In Kubernetes, service accounts are a mechanism used to provide an identity and credentials to pods running within a cluster. They enable pod-to-pod and pod-to-cluster communication by allowing the pods to authenticate and authorize their requests to other resources within the cluster.

Here are some key points about service accounts in Kubernetes:

  1. Identity: Service accounts are associated with pods and provide an identity for authentication purposes. Each pod can be assigned a unique service account, allowing it to act on behalf of that account.

  2. Credentials: Service accounts are assigned a token that serves as their authentication credentials. This token is mounted into the pod's filesystem, typically in the /var/run/secrets/ directory.

  3. Authorization: Service accounts are bound to Kubernetes roles or cluster roles that define the set of permissions they have within the cluster. These roles control the operations that a pod can perform on various resources, such as creating, reading, updating, or deleting objects.

  4. Default Service Account: Every Kubernetes namespace has a default service account automatically created for it. If a pod is created without explicitly specifying a service account, it is assigned the default service account of its namespace.

  5. Communication: Service accounts are primarily used for communication between pods and other Kubernetes resources, such as the API server, other pods, or external services. When making requests, the pod uses its assigned service account's credentials to authenticate itself.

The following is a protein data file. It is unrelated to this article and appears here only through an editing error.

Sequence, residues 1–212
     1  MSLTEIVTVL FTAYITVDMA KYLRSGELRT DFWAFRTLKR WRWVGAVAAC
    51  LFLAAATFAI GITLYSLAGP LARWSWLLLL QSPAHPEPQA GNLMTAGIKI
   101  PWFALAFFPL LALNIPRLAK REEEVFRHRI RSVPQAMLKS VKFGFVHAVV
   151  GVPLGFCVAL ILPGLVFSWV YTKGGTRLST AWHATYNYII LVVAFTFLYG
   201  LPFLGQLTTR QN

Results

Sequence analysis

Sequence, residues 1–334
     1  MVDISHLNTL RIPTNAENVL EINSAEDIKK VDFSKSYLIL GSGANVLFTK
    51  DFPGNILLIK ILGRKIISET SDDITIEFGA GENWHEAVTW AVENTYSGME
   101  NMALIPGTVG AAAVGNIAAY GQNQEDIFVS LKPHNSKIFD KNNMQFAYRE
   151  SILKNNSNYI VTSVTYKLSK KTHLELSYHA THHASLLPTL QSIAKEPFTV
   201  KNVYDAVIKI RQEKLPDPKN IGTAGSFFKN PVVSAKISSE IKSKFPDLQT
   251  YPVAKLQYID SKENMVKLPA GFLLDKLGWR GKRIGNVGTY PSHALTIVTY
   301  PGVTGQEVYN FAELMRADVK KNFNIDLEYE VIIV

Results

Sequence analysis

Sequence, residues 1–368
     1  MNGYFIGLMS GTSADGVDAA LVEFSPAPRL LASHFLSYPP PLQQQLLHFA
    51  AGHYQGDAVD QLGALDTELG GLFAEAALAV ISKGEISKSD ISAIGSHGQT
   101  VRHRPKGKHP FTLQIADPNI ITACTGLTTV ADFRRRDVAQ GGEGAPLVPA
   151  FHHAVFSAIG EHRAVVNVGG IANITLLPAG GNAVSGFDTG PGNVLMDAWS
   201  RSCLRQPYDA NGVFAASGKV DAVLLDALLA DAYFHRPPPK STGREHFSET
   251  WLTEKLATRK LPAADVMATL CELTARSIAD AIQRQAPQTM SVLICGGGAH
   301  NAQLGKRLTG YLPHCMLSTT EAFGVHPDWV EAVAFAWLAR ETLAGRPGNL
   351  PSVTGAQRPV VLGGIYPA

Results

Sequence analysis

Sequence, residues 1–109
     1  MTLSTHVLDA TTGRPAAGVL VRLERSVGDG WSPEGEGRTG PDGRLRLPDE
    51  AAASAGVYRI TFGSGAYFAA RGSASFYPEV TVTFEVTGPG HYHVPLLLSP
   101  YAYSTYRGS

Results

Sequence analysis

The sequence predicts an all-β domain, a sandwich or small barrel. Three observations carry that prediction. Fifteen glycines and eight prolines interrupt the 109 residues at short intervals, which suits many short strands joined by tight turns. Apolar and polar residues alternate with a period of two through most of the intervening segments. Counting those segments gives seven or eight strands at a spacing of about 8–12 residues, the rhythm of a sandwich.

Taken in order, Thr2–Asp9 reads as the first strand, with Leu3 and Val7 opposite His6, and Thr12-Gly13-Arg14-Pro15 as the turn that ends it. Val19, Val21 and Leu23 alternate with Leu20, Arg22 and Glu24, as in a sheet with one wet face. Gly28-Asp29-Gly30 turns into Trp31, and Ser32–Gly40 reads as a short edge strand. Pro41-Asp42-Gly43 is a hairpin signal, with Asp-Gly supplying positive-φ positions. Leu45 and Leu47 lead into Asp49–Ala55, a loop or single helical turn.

6. Secrets and Tokens: The service account token, along with other credentials and secrets, are stored in Kubernetes Secrets. These secrets are accessible within the pod's filesystem, allowing the pod to retrieve the necessary information for authentication.

By leveraging service accounts, pods can interact securely with other resources in the cluster, ensuring proper authentication and authorization. This helps maintain the security and integrity of the Kubernetes environment.



To run the example I had the following tools/software installed:

I also setup a alias for kubectl using the following command:

Set-Alias -Name k -Value kubectl

Make sure minikube is up and running:

minikube start


  1. Create namespace to run example in.
> k create ns my-ns
namespace/my-ns created
  1. Create service account
k create serviceaccount my-sa -n=my-ns
serviceaccount/my-sa created
  1. Create pod definition
k run my-pod --image=nginx -n=my-ns --dry-run=client -oyaml > pod-with-service-account.yaml

Output should be like the following:

apiVersion: v1
kind: Pod
  creationTimestamp: null
    run: my-pod
  name: my-pod
  namespace: my-ns 
  - image: nginx
    name: my-pod
    resources: {}
  serviceAccountName: my-sa # add this line 
  dnsPolicy: ClusterFirst
  restartPolicy: Always
status: {}

Apply the pod definition

> k apply -f .\pod-with-service-account.yaml
pod/my-pod created
  1. Verify pod with service account
> k get po my-pod -n=my-ns
my-pod   1/1     Running   0          3m33s

> k describe po my-pod -n=my-ns
Name:             my-pod
Namespace:        my-ns
Priority:         0
Service Account:  my-sa
### output shortened for brevity ### 
  1. Clean up
> k delete po my-pod -n=my-ns
pod "my-pod" deleted

> k delete ns my-ns
namespace "my-ns" deleted

Further reading